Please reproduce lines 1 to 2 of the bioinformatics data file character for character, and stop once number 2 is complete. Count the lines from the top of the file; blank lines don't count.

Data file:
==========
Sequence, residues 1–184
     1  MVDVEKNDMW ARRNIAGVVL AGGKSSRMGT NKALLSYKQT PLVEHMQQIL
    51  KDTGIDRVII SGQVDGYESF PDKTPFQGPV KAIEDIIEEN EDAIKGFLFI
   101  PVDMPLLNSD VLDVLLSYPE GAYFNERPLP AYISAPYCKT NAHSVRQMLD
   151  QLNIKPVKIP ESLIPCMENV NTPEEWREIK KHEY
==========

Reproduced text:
Sequence, residues 1–184
     1  MVDVEKNDMW ARRNIAGVVL AGGKSSRMGT NKALLSYKQT PLVEHMQQIL